It’s often helpful (and frequently required through regulation) to understand the risk of dealing with specific customers. You may want to decide whether to deal with certain organisations based on their fraud risk and the reliability with which you can expect payment or delivery of services. Third party data can help here, but you may be sitting on valuable customer insight in your own records. You’ll be able to surface it much more efficiently with recourse to a single view.
Challenges to overcome:
Organisational ownership tends to be the most common barrier to delivering the single customer view vision. Data tends to sit in departmental silos and with no single department owning the customer in full, it can be hard to assign a single point of responsibility. Your business case may be made by the marketing department, but they generally can’t execute alone. Assigning responsibility to a central owner or team is the obvious first step, but this person needs mandate to make decisions that affect multiple departments. What’s required is sponsorship from the very top of the organisation. With that in place issues should be more easily resolved.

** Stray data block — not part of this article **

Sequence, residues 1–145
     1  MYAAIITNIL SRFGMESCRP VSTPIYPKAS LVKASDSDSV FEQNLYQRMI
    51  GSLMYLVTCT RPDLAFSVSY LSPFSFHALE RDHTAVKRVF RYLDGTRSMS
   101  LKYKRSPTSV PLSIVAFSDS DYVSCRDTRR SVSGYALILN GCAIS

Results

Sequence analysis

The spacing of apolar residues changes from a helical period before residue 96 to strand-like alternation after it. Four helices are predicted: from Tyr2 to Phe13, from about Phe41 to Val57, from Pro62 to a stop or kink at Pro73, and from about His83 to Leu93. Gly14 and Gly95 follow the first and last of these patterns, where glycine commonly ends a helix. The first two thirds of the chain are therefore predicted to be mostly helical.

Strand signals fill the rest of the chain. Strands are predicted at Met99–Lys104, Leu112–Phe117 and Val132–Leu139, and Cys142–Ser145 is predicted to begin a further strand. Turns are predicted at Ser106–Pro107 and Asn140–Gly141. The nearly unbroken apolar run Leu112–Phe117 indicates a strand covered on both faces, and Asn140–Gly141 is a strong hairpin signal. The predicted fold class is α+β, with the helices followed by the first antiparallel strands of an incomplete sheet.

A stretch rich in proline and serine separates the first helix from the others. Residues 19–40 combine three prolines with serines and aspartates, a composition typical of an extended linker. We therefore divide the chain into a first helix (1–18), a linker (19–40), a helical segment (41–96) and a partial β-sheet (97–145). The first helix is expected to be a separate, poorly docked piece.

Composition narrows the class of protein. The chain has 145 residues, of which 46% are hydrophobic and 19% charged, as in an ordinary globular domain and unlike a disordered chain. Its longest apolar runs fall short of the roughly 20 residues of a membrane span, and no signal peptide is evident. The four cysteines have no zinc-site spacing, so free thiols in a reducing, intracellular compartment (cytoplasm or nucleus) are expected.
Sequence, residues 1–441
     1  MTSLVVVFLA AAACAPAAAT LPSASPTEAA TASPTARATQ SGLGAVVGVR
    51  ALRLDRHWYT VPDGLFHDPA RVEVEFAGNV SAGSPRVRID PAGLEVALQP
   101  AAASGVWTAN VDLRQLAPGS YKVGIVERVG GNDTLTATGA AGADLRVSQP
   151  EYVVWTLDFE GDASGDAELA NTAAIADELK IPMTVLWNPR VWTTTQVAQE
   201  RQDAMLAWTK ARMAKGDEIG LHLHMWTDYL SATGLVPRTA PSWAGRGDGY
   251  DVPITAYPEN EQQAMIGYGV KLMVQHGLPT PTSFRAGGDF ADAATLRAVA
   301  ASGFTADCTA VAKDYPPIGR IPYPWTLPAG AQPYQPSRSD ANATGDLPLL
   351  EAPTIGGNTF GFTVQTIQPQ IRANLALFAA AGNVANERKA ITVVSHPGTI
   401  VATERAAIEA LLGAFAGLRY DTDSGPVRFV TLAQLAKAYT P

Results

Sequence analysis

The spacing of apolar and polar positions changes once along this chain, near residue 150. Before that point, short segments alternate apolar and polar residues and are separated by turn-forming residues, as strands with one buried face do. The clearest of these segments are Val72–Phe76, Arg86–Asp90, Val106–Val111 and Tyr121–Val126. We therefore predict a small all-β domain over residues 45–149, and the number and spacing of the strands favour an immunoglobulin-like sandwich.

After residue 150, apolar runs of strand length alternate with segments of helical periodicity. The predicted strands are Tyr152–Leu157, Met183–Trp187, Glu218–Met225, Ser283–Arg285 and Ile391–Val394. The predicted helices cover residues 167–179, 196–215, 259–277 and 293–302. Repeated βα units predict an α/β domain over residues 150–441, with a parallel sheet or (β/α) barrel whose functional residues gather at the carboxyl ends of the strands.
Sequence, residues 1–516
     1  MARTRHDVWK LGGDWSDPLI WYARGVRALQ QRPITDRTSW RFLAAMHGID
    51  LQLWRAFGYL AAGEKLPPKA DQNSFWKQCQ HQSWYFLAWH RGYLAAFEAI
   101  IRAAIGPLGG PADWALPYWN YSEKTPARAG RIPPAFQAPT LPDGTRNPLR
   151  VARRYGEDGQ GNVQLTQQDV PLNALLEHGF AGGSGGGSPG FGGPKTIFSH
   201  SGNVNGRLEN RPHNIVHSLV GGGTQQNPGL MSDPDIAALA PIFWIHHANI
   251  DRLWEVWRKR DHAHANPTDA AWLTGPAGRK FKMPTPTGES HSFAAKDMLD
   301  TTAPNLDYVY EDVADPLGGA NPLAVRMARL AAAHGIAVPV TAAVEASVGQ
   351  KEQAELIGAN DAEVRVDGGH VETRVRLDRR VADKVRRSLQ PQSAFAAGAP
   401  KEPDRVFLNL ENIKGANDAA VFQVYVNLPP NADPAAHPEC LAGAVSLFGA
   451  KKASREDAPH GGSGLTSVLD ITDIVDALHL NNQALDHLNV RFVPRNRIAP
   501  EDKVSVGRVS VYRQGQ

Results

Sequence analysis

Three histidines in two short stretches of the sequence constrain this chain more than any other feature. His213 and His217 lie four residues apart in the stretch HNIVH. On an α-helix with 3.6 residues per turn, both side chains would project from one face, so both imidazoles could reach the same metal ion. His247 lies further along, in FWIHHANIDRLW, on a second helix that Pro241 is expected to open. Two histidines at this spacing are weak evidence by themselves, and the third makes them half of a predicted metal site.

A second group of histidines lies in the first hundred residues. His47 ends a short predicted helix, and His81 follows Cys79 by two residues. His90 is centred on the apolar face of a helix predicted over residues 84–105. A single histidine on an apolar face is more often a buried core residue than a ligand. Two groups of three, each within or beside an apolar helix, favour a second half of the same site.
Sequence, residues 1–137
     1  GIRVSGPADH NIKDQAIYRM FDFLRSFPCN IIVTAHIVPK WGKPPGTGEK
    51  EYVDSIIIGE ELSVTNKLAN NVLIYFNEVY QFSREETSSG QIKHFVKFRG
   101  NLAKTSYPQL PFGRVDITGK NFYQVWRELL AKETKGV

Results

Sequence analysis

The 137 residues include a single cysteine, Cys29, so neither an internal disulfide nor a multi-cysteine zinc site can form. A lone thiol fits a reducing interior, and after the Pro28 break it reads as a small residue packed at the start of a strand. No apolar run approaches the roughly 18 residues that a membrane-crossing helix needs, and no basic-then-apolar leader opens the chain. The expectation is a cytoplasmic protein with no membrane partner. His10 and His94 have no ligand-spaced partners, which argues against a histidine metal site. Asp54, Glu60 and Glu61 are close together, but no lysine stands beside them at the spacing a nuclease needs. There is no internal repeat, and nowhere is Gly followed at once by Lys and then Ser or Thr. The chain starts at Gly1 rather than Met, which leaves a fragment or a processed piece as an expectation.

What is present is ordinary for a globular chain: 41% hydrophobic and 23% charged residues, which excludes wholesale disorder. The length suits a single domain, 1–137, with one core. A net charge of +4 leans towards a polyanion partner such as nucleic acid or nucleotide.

Understanding channel data
A central owner is unlikely to understand all the channels and know what data is vital and what is more ‘nice to have’. It may be easy to understand customer purchase history data but less clear what is important in email engagement, web browsing, display ad and telephony data, for example. That’s why the knowledge of channel specialists is still required to make sense of what’s there. Data compliance also needs to be understood and respected by channel, with local regulations and customer instructions adhered to.
Actually getting to the data
Once data requirements are clear, channel specialists need to be willing and able to make the data available. Whether by batch or APIs, channel specialists are often constrained by the systems they use. If the call center or email system doesn’t have an accessible API, providing data can be hard. They may need technical support or be required to choose a new system that can expose the underlying customer data. For example, a web analytics tool that presents data neatly through a web-browser but lacks an API may need to be upgraded.